Students build bikes in new program

(Gazette Photo by Alicia Perez) Strive participant Jordana Simpson works on a bike.

By Alicia Perez, Special to the Gazette

BPS students built bikes—one for themselves, one for donation—in a new partnership with Bikes Not Bombs, a Jamaica Plain nonprofit organization, and Roxbury’s Madison Park Technical Vocational High School that launched this summer.

The program, called “Strive,” allows special needs students to use their hands and get training in the mechanical field. Emily Lebo, the director of Career and Technical Education for Boston Public Schools and the director of the new Strive program, said she hopes they can be employed in the mechanical field after they graduate high school.

Derreck Garcia, a student in the pilot program, which wrapped up this month, said he was excited to learn about Strive. Garcia said he was happy to be paid for the program, but he also enjoyed “fixing and renewing the bikes and taking a bike home [at the end].”

Jordana Simpson, another participant, said she joined to learn how to fix bikes. When asked her favorite part she said, “All of it!”

Bikes Not Bombs, located at 284 Amory St. in the Brewery complex, provides community-based education and assists development projects with recycled bicycles. It has a seasonal Earn-A-Bike program that consists of bikes rides; learning about bike mechanics and bike safety; and exploring environmental issues.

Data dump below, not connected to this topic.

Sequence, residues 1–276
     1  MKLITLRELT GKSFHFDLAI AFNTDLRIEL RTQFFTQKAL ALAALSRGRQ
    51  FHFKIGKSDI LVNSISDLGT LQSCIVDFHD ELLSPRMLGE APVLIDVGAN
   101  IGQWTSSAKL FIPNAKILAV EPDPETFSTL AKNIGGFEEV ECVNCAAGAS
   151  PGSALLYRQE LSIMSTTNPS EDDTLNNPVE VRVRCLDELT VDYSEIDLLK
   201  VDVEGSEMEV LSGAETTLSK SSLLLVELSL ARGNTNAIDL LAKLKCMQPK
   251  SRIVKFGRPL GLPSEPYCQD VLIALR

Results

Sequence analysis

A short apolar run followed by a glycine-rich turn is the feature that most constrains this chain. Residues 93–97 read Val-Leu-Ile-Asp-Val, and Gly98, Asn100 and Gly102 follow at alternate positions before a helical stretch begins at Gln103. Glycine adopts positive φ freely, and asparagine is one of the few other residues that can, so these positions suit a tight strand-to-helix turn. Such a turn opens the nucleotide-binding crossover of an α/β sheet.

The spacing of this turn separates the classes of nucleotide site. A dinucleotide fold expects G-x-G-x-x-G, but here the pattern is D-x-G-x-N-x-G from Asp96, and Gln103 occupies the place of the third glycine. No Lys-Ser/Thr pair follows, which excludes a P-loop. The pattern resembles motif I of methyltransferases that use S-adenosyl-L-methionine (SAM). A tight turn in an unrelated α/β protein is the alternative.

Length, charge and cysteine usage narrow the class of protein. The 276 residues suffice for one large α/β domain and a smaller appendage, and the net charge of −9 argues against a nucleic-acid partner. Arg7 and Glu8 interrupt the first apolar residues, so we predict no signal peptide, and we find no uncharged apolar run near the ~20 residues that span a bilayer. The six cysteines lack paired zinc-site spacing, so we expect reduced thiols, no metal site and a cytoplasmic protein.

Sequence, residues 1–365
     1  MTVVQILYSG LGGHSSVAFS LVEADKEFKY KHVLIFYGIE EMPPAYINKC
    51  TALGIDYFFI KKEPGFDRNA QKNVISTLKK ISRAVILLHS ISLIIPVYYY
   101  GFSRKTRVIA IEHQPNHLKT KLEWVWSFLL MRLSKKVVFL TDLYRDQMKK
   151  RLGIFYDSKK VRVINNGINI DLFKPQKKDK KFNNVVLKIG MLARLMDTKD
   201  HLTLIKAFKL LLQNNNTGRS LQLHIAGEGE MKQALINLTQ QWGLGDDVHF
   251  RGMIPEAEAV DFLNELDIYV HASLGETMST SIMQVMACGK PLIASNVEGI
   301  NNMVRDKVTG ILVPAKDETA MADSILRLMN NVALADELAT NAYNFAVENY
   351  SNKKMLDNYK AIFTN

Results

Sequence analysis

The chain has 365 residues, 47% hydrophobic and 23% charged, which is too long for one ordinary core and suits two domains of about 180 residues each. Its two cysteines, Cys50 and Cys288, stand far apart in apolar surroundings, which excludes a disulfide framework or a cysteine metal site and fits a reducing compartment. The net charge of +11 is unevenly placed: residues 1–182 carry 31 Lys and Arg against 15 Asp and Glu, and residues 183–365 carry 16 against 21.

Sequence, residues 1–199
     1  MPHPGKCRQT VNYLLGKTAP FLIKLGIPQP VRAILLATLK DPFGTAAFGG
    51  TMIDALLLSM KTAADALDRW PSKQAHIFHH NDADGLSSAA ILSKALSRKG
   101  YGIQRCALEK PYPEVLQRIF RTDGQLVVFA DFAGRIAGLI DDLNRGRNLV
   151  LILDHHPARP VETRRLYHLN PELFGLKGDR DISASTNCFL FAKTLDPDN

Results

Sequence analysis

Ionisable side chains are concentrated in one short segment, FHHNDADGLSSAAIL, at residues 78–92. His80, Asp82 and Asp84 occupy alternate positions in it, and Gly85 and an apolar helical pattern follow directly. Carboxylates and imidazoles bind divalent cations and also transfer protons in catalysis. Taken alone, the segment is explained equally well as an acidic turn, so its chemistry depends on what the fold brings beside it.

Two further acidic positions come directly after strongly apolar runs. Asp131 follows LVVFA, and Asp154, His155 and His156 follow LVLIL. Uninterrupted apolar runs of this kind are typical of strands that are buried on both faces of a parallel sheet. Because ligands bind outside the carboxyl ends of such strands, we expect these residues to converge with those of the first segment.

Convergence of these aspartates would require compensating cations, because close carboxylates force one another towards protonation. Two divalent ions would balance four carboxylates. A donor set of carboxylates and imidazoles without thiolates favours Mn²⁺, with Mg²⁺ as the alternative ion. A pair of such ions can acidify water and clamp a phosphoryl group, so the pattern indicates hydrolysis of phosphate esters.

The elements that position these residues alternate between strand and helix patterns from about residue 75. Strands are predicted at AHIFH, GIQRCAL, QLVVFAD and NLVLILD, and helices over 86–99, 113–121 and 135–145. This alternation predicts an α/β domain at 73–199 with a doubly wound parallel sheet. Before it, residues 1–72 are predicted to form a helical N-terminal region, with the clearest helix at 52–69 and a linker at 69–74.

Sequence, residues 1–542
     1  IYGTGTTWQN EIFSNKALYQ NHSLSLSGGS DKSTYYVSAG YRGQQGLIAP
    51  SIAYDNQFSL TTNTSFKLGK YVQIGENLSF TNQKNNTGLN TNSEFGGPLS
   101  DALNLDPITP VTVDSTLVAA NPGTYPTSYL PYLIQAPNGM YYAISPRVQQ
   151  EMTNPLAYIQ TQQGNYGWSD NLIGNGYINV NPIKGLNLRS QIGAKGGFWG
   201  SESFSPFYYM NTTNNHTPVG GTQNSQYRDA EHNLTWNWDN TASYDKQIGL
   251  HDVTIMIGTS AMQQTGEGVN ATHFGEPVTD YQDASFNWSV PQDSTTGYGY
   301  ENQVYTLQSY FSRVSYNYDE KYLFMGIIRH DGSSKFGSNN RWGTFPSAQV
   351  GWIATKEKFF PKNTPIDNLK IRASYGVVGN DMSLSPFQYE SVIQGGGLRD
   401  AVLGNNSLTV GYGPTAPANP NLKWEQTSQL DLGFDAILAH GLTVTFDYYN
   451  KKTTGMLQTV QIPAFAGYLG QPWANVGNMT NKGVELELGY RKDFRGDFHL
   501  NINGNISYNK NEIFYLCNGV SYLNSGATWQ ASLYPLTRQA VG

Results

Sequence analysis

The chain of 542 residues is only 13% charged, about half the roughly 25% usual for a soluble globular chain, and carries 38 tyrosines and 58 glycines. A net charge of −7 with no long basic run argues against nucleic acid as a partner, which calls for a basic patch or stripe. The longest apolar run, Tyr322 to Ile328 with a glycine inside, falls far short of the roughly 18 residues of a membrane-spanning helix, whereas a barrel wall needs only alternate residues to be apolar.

Strive is much like Earn-A-Bike, but it is “way more intensive,” Elijah Evans, the youth coordinator of Bikes Not Bombs, said during a Gazette visit to Strive this month at the Bikes Not Bombs headquarters. Strive ran five days a week and five hours a day for six weeks.

The participants were paid through the Boston Youth Fund. Of the two bikes they will be building, they took one bike home and donated the other to a local organization, such as New Hope Baptist Church in Roxbury.

Rayetta Perkins-Jones, a community connection facilitator for Boston Public Schools, told the Gazette in a phone interview that the bikes will go to the church youths, who are in need of and would appreciate the donated bikes.

Lebo said, during a Gazette phone interview, that she noticed students wanted to work more with their hands and practice mechanics, so she decided to address these interests.

After meeting and chatting with Evans, Lebo learned of Bikes Not Bombs and decided they give “great training, have a great facility, and they would be good place to have partnership with.”

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